My Dad worked in the coal mines of Novinger for seven years. Seven years is considered 14 years as the coal mine calculated it. Coal mining is notoriously arduous work, but Dad didn't mind. That's what kept food on his family's table.
My Dad's inability to read or write did not keep him from finding honorable work after the coal-mining years. Whether he was digging ditches, operating forklifts, tearing up concrete with a jack-hammer, or trading and selling animals to make ends meet, we never missed a meal.
These days it seems that few have had the opportunity to work hard, and to gain happiness from their work.
My Dad was a strict enforcer of chores being done at our house. Everyone pulled his or her weight. We had a little farm of sorts, with lots of chickens, horses, dogs, goats, and whatever else Dad was trading at the time. When I would get home from school, the rule was clear—chores are to be done first! This included packing two five-gallon-buckets at a time, filled with water and food, out to the troughs. In the winter, the ice that had formed in the water troughs would have to be broken up with a small sledge hammer. This was frigid and time consuming work!
My family also had a garden in those days. I remember going out and pulling weeds in the garden, as a family, right up to dusk. The vegetables from this garden provided food for us, the neighbors and others in need. My Dad, by way of his own daily example, taught the importance of hard work and labor. I owe my work ethic to him and try to honor him, even after his passing in 2006, by staying committed to the diligence that he displayed in his work and home life.
Of course there were consequences if I failed do my chores or if I did them only halfway. Dad was effective at impressing the lesson. I tried to never need reminding! Maybe it is these types of chores—real, hard, manual labor—that are missing from the experience of so many of the young people today. With the distractions of television, video games, movies, texting, chatting, and the speed of life itself, it appears that there is little time for good, old fashioned, character-building chores.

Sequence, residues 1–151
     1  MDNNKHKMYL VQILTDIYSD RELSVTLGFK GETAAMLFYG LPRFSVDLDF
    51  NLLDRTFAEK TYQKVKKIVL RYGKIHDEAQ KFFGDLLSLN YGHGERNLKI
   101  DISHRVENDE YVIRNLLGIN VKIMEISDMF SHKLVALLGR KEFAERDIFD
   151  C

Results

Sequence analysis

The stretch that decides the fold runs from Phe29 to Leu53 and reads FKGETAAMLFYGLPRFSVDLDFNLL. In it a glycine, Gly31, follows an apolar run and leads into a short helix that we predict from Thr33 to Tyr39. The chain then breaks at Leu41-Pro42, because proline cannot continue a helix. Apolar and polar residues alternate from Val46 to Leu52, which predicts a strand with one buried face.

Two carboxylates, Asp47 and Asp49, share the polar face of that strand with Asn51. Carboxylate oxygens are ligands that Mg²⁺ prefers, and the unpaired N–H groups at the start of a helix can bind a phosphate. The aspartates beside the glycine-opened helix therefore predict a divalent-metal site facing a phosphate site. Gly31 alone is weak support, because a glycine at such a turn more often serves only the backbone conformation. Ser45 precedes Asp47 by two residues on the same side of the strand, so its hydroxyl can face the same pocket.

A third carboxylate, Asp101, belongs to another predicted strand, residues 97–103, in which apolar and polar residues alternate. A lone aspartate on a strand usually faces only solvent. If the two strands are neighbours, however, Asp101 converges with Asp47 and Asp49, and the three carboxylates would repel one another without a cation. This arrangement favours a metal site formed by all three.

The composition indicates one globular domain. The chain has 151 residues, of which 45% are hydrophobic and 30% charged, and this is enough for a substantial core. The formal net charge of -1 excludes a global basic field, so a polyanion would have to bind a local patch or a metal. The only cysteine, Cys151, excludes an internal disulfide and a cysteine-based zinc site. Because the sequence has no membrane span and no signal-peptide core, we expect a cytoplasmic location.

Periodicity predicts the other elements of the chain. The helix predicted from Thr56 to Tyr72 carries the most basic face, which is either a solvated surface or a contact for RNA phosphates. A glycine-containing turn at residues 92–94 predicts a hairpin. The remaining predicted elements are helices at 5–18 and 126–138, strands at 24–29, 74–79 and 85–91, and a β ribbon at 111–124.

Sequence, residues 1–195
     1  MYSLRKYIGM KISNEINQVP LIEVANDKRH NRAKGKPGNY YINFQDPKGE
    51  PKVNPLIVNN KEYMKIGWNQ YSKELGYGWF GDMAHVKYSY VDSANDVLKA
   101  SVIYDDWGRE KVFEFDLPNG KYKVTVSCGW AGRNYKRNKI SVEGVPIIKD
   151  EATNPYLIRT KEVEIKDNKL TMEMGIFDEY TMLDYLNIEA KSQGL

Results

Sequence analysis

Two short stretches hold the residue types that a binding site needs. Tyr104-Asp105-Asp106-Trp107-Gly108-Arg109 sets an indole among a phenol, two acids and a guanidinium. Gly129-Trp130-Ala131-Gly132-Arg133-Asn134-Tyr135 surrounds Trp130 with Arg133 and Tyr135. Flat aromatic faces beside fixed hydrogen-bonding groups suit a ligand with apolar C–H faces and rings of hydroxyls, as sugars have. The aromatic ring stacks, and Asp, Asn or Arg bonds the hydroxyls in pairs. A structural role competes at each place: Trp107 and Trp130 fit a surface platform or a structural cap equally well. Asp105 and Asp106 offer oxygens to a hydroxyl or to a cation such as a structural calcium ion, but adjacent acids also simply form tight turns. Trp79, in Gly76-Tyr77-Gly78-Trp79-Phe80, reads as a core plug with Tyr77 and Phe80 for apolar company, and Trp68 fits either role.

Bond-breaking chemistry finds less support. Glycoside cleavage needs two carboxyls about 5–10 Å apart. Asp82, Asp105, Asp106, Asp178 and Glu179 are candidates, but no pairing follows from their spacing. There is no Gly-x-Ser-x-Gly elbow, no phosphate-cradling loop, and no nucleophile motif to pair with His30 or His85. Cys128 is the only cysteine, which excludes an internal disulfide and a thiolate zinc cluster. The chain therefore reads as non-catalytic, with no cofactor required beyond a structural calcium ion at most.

Regrettably, many today do not have positive work role models and do not know the satisfaction that can come from doing chores. There is an incredible Book that gives sound counsel as to the manner in which one should work. Its advice, if followed, will lead to blessings and abundance.
My Dad, whether shoveling coal, jack-hammering, or tending to his garden, sought to do everything he did with his might. The Bible, in the book of Ecclesiastes, states, "Whatever your hand finds to do, do it with your might…" (Ecclesiastes 9:10) I believe this to be the best single-sentence statement of a good work ethic available.
In contrast, the Bible states in Proverbs 14:23, "In all labor there is profit, but idle chatter leads only to poverty." I can't help but think of the endless lines of "texting" and "idle chatter" that flow from electronic devices all over our modern world.
The Bible is a book of right understanding, sound wisdom, and pure knowledge. It provides insight and instruction. It reveals God's plan and purpose for all mankind. Do you ever ponder the meaning and purpose of your life? Would you like to live a life of abundance and joy?
To learn more about this amazing book, the Holy Bible, and the rich truth that God has diligently preserved, request our free booklet, "The Bible: Fact or Fiction". Also, to understand the meaning and purpose of your life, request our inspiring and insightful booklet, "Your Ultimate Destiny." It may change your life!